Halo Infinite Craig the Brute Large

Halo Infinite’s visuals will look much better prior to launch

I hope for Halo Infinite’s sake that they will

Ok, I’m not going to candy coat this; The visuals we saw from the upcoming Halo Infinite left much to be desired. While the developers, 343 Industries, promised that the game will see a silky smooth and constant 60 frames per second, it doesn’t mean much if the visuals aren’t on par. Adding to this, Microsoft is keenly away that Halo Infinite has been the submit to several memes since its showing and has started to do some damage control.

According to Xbox’s Marketing General Manager Aaron Greenberg, COVID-19 has made development more challenging than ever before. This of course is true and we’ve heard multiple studios state the same thing, with several of them delaying their upcoming titles due to this.

He also asked that people should check out the 4K/60 version of the Halo Infinite debut as it looks better than what was shown during the Xbox Games Showcase. Citing that trying to show off the visuals via a stream simply wouldn’t do the game justice and that they showed a less graphical intensive showing because of that.

“Listen, we’re in the middle of a global pandemic,” Greenberg explained. “It’s July, we’re far from [launch in] Holiday, you’re seeing a work-in-progress game.”

“Go back and look at the game at 4K/60, we did that deliberately,” he continued. “It’s very hard to show the full power and graphic [sic] fidelity of what Xbox Series X will be able to deliver for you over a stream.”

There’s no denying that Halo Infinite is far from finished and is still in “work-in-progress”, however, the concern here is that the gaming audience has seen several games in the same situation, but looking vastly better. So far, I’ve seen multiple personalities stating that Halo Infinite looking cartoonish, hardly a next-generation game, and others that I’d rather not comment on. No matter how you look at it, currently, fans of Halo are upset over what was shown

Aaron Greenberg states that the game will look better as development continues and that we’ll see a visual improvement before the game being launched this Holiday 2020. Though until we see that, I’m sure the memes will continue.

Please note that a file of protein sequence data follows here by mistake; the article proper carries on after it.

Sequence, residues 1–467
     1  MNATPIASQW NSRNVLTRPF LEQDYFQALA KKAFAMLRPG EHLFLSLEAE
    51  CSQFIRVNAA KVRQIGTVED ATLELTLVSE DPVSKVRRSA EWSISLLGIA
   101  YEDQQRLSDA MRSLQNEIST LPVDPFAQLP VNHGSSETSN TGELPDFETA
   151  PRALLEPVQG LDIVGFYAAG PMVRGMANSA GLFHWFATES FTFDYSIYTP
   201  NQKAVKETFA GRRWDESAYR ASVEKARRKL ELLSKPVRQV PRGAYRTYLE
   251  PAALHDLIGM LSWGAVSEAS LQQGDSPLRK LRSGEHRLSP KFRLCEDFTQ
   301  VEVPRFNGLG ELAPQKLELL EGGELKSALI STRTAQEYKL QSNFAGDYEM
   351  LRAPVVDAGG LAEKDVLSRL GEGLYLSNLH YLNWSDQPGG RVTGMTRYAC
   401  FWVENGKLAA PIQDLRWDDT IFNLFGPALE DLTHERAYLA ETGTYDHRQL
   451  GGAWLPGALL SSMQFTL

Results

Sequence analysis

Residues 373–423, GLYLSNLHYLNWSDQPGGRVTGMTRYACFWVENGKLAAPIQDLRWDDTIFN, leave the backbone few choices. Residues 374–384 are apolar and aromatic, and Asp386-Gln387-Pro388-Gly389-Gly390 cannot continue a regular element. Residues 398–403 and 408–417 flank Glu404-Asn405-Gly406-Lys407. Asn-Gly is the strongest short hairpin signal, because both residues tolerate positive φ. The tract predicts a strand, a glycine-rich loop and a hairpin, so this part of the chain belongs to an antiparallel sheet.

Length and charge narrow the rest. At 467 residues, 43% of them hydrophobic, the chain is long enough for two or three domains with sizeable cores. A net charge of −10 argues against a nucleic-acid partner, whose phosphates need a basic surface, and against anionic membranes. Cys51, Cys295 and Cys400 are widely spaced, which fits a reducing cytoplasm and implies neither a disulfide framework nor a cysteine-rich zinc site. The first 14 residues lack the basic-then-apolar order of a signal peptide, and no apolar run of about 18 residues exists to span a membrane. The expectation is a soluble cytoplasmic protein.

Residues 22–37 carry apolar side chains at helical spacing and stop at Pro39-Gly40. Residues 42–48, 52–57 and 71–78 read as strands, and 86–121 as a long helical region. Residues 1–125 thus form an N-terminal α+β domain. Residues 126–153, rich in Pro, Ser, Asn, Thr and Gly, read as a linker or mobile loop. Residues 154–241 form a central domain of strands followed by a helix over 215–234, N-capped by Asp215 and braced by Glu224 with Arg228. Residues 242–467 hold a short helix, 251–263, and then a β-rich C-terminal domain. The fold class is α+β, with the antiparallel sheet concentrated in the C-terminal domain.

Personally, I feel that Microsft may have shot its self in the foot with committing to supporting cross-gen titles for the first two years after the launch of the Xbox Series X. Mainly because now you’re developing games for the console, and then having to down-scale them for the Xbox One and Xbox One X, which will also affect the visuals and possibly framerate for those consoles. Sadly, people will pick up on that and call that a weakness of Xbox. I don’t know why Aaron stressed watching a 4K video of a game that will be played on 1080p for the Xbox One and Xbox One X, as well as PC. That is the only piece that is worrying me.

Outside of the visuals, I liked what I saw of Halo Infinite’s debut. The game is giving off vibes from both Halo: Combat Evolved and Halo 2, while the art design is walking the balance of bringing something from the past while adding a look at the same time. The addition of the grappling hook will add to the vertically and as we saw during the gameplay, will be handy during combat for closing the distance between enemies and pulling them closer. 

The world crafted for the new game also has my interest. Just going by the few minutes of gameplay, this new environment looks ripe for exploration and immersing players into this new playing area. From the video we saw, the world is full of mountains, valleys, while featuring a huge and beautiful looking skybox. I want to see more of the game, and hopefully, the next time we see Halo Infinite again, it will be rocking some updated visuals as well.

Halo Infinite is currently slated to be released this Holiday 2020, alongside the Xbox Series X, and will be playable on the Xbox One and Windows 10 PC as well.